I.M. Pei, a dominant figure in American architecture for more than three decades who designed the Louvre’s crystal pyramid and the angular East Building of Washington’s National Gallery of Art, has died. He was 102.
His son Chien Chung Pei said on Thursday that his father had died overnight, the New York Times reported.
Pei gave “this century some of its most beautiful interior spaces and exterior forms,” said the jury of the Pritzker Architecture Prize, which Pei won in 1983.
Though reserved and supremely diplomatic, Pei’s face, always crowned by round thick-rimmed glasses, could break unexpectedly into a wide, dazzling smile. He approached clients with charm and a quick wit, and they usually succumbed happily.
“Mr. Pei is at once the most pragmatic and the most visionary of architects, his work poised skillfully between the demands of the real world and the dreams of art,” Paul Goldberger, architecture critic of the New York Times, wrote in 1989 after the opening of the Louvre pyramid in Paris.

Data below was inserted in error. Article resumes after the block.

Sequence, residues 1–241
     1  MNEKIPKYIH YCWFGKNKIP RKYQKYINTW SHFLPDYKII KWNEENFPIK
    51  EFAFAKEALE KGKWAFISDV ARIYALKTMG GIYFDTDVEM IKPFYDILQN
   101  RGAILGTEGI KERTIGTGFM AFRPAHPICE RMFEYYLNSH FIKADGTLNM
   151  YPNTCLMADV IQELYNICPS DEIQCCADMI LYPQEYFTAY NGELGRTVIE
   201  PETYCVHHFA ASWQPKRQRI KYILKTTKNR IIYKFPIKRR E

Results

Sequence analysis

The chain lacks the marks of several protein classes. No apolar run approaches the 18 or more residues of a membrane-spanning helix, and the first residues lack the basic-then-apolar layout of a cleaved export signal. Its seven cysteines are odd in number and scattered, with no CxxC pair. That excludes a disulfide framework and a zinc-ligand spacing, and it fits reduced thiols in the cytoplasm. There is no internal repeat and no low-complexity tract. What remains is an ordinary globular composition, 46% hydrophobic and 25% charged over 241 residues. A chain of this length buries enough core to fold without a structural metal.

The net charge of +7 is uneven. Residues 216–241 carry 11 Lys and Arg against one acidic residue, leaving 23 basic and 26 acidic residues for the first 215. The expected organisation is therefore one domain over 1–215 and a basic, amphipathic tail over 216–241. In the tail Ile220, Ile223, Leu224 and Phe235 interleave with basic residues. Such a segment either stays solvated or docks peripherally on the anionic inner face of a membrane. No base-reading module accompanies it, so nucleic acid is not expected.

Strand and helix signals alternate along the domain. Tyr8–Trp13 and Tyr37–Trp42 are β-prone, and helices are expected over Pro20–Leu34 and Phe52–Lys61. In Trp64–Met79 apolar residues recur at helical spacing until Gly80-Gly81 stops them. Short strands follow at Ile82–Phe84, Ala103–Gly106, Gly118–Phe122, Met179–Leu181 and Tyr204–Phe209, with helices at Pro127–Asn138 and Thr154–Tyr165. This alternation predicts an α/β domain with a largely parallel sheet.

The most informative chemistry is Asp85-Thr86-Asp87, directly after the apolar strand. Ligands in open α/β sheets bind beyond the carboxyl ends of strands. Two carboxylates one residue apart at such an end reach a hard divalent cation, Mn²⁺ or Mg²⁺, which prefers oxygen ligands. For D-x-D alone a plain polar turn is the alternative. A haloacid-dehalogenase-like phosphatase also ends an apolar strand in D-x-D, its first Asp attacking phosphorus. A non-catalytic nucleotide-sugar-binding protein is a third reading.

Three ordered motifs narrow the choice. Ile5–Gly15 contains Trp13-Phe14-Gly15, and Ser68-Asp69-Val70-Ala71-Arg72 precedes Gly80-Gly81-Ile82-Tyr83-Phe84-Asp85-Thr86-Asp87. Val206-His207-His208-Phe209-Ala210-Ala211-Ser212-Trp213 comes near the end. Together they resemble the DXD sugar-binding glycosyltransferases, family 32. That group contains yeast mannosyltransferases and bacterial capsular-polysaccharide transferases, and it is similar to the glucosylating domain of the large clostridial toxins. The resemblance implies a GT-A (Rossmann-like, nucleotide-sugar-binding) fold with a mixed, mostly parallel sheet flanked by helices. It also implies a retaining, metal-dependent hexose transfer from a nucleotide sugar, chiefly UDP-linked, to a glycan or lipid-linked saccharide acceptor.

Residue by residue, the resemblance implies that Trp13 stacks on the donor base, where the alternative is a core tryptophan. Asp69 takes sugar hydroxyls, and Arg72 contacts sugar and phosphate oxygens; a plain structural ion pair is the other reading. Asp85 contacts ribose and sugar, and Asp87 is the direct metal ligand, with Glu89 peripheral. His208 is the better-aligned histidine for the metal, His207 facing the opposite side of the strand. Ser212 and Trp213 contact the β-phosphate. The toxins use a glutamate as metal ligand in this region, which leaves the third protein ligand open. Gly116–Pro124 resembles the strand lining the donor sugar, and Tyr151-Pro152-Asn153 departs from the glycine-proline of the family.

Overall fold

Pei’s more than 50 projects ranged from the Musee d’Art Moderne in Luxembourg (2006) and the 72-story Bank of China Tower in Hong Kong (1989) to the John. F. Kennedy Library in Boston (1979) and the Rock and Roll Hall of Fame and Museum in Cleveland (1995).
Among his many honors were the American Institute of Architects’ Gold Medal in 1979; the Grande Medaille d’Or from the Academie d’Architecture de France three years later; and the Presidential Medal of Freedom, the highest civilian honor in the U.S., from President George H.W. Bush in 1992.
Ieoh Ming Pei was born in Canton, China (now Guangzhou), on April 26, 1917, the son of a bank manager. His family later moved to Suzhou, a city near Shanghai. As a young boy, Pei was enthralled by construction of high-rise buildings in Shanghai and Hong Kong.
He came to the U.S. to study architecture at age 17, receiving a bachelor’s degree from the Massachusetts Institute of Technology in 1940 and a master’s from Harvard University’s Graduate School of Design in 1946. At Harvard, he studied with Walter Gropius, one of the masters of modern architecture.
Pei honed his skills, in both design and coddling clients, under the tutelage of the prominent New York real estate developer William Zeckendorf Sr. As in-house architect for Zeckendorf’s Webb & Knapp Inc., Pei designed shopping centers, offices and residential towers, such as Manhattan’s Kips Bay Plaza.
“I believe that architecture is a pragmatic art,” Pei said. “To become art it must be built on a foundation of necessity.”
In 1955, he left Zeckendorf to form I.M. Pei & Associates, which would become I.M. Pei & Partners in 1966 and then Pei Cobb Freed & Partners in 1989.